Compulsory Modules Credits
Level B (HE Intermediate) French 20
The Nature of Language 20
Introduction to the Structure of Language 1: Syntax and Phonology 20
Introduction to the Structure of Language 2: Morphology and Meaning 20
Language Variation and Change: Dealing with Data 20
Optional Modules Credits
La France de 1789 à nos jours 20
Introduction to Linguistics 20

The linguistics topics you study are broadly similar to our Single Honours Linguistics degree. Your language tuition involves two hours a week on speaking, reading, writing and listening skills, taught by a native French speaker.

You'll have a weekly one-hour grammar lesson. You complement this with modules aimed at helping you understand the culture and society of the countries where French is spoken.


Compulsory Modules Credits
Level C (HE Advanced) French 20
Phonological Theory 20
Syntactic Theory 20
Optional Modules Credits
Introduction to Child and Adult Language Acquisition 20
Sociolinguistics and the Sociology of Language 20
Contexts: Cognition and Computation 20
Early English: Texts, Patterns and Varieties 20
Monsters, Misery & Miracles: Heroic Life in Old English Poetry 20
Speakers as Wordsmiths: the creation of new words in present-day English 20
Experimental Methods in Linguistics 20
Multilingualism 20

You'll continue to study advanced language modules in French, reflecting the fluency you will have gained during your year abroad. An extended project gives you the chance to study in greater depth a topic that you are passionate about.

The remaining half of your topics are optional and are linked very closely to your lecturers’ research specialisms. These currently include syntactic and phonological theory; low-educated second language and literacy acquisition; language origins and evolution; child language acquisition; language change; and discourse analysis.


Compulsory Modules Credits
Level D (HE Further Advanced) French: Advanced Writing Skills 10
Optional Modules Credits
Level D (HE Further Advanced) French: Language for Professional & Academic Purposes 10
Level D (HE Further Advanced) French: Translation & Interpreting 10
Introduction to Child and Adult Language Acquisition 20
Sociolinguistics and the Sociology of Language 20
Contexts: Cognition and Computation 20
Early English: Texts, Patterns and Varieties 20
Monsters, Misery & Miracles: Heroic Life in Old English Poetry 20
Speakers as Wordsmiths: the creation of new words in present-day English 20
Multilingualism 20
Origins and Evolution of Language 20
Topics in Phonological Theory 20
Immigrant Second Language & Literacy Acquisition 20
Language in the City 20
Accents of English 20
Extended Study 1: Linguistics and English Language 20
Extended Study 2: Linguistics and English Language 20
Old English: Texts and Translations 20
The History of Linguistic Ideas 20
Language development:Cross-disciplinary approaches 20
Special Topic in Linguistic Theory 20
Language and Ageing 20
Dissertation 20

Teaching and assessment

Teaching methods

You can normally expect to spend around 10 hours per week engaging in lecture, seminar and workshop materials, plus weekly study groups.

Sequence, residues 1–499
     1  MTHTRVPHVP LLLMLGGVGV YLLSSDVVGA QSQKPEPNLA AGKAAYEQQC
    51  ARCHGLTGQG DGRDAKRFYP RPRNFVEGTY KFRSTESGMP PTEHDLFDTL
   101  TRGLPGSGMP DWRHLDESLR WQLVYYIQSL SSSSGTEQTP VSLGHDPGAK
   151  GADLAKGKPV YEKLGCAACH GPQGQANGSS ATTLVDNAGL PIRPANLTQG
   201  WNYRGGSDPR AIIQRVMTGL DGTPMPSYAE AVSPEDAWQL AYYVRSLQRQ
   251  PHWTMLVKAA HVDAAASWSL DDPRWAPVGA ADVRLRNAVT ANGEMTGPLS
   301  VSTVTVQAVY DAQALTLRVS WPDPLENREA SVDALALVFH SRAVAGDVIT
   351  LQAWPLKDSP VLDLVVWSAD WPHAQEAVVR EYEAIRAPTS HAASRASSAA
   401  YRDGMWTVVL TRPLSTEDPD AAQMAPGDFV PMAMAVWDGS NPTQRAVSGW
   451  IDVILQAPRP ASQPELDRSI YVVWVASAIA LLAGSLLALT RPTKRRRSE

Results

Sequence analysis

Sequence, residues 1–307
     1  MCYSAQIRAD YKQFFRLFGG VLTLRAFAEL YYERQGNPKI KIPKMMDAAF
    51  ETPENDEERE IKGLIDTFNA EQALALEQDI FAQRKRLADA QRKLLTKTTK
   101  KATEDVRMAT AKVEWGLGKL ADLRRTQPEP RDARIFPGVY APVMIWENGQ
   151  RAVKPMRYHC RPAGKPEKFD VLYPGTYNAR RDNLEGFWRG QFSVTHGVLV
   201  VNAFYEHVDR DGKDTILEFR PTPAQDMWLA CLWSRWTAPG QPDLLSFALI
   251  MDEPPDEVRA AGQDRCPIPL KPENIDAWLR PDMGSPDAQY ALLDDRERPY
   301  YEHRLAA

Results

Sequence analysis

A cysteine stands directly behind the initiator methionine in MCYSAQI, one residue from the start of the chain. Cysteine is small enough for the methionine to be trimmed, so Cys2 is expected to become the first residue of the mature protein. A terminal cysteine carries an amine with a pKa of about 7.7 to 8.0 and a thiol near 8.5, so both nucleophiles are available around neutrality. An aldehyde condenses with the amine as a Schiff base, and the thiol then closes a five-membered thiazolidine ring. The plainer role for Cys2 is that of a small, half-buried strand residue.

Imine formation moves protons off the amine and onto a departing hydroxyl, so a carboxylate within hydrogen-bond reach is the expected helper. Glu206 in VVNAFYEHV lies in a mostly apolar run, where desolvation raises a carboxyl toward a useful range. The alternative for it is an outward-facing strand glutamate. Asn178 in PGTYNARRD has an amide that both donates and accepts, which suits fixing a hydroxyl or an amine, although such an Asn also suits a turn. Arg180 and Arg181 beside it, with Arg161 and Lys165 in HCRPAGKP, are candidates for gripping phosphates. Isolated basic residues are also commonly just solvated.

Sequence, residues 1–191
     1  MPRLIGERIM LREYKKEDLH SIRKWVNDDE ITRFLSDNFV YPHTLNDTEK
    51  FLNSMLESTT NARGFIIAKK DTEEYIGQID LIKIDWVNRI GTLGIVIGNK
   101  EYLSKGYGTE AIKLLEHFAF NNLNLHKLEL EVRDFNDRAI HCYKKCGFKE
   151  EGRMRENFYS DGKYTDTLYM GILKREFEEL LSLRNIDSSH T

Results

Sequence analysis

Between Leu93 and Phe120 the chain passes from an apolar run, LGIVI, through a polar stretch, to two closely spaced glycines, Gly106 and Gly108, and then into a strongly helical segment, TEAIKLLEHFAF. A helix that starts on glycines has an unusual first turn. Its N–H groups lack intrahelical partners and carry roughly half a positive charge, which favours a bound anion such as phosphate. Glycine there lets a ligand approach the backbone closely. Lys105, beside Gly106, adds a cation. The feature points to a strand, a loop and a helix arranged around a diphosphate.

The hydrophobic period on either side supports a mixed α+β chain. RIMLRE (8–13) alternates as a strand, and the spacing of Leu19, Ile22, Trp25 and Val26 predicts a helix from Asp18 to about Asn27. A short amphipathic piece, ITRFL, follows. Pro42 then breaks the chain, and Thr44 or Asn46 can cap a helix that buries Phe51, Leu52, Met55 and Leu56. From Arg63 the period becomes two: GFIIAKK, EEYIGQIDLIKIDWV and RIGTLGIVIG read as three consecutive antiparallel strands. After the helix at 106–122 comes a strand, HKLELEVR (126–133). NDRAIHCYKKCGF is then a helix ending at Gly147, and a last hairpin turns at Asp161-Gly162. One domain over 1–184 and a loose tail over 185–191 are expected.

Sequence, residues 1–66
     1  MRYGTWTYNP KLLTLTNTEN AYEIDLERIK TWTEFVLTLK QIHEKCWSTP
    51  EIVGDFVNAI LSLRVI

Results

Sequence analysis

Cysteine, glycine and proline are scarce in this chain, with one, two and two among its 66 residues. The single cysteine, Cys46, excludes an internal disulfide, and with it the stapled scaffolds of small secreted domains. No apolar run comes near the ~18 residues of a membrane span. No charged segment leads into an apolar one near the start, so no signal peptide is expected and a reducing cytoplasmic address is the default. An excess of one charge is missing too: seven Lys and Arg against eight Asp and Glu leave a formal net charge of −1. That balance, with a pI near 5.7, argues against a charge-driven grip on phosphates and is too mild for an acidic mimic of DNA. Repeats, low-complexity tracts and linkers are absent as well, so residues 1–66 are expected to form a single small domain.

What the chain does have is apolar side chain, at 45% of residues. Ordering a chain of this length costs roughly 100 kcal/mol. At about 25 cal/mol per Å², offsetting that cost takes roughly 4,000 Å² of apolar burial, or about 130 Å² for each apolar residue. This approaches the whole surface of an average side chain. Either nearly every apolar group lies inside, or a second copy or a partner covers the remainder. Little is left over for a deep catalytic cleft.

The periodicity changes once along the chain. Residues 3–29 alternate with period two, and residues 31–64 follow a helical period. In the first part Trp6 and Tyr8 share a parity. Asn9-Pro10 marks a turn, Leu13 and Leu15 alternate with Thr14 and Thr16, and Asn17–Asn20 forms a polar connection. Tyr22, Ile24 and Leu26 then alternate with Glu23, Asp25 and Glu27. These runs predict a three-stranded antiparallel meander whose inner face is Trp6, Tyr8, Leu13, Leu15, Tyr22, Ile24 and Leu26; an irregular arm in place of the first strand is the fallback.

You also spend around 25 hours per week on class preparation, reading, writing, and other kinds of independent research recommended by your tutor.

Assessment methods

You'll be assessed through a combination of:

  • Assessments

  • Assignments – written or fieldwork

  • Coursework

  • Dissertation or research project

  • Essays

  • Examinations – practical or online

  • Group work

  • Presentations

Skills and experience

Practical experience

Studying at Newcastle means you may have the opportunity to attend field trips to local and national points of interest. Previous visits have included:

  • The Wordsworth Trust (Dove Cottage)
  • Lindisfarne
  • Seven Stories (the National Centre for Children's Books)
  • Beamish Museum
  • the Great North Museum
  • Northern Stage

You'll have access to our award-winning Language Resource Centre and subject to availability may have access to the language laboratories. These facilities support and facilitate your language learning, and encourage cross-cultural communication.

Research skills

You will complete a dissertation in your fourth year, investigating a topic that you are passionate about. You will also be offered a range of opportunities to participate in staff research projects.

Chat to a student

Studying at Newcastle means that I haven't had to choose between my love of linguistics and my love of foreign languages - I can pursue both my passions with the support of two dedicated faculties to guide me.

James, Linguistics with Chinese or Japanese student


You will spend the third year of your degree in a French-speaking country, where you can:

  • study at one of our partner institutions
  • teach English as a foreign language under the British Council assistantship programme
  • take a work placement
  • combine study with work placement

Facilities and environment


You'll be based in the School of English Literature, Language and Linguistics, which is at the heart of our city-centre campus, in the Percy Building. You'll join a lively community of students, academics, authors and professionals.

You'll have access to a digital media lab – for students with documentary and film-making modules – a PC cluster, a student-led cafe, and plenty of spaces to work and socialise, all based in the School.

You will have exceptional library provision from our award-winning Library Service, which houses over one million books and a huge range of electronic resources.

Newcastle University Students' Union is home to the award-winning student newspaper, The Courier, giving you the opportunity to develop your creative writing and journalism skills.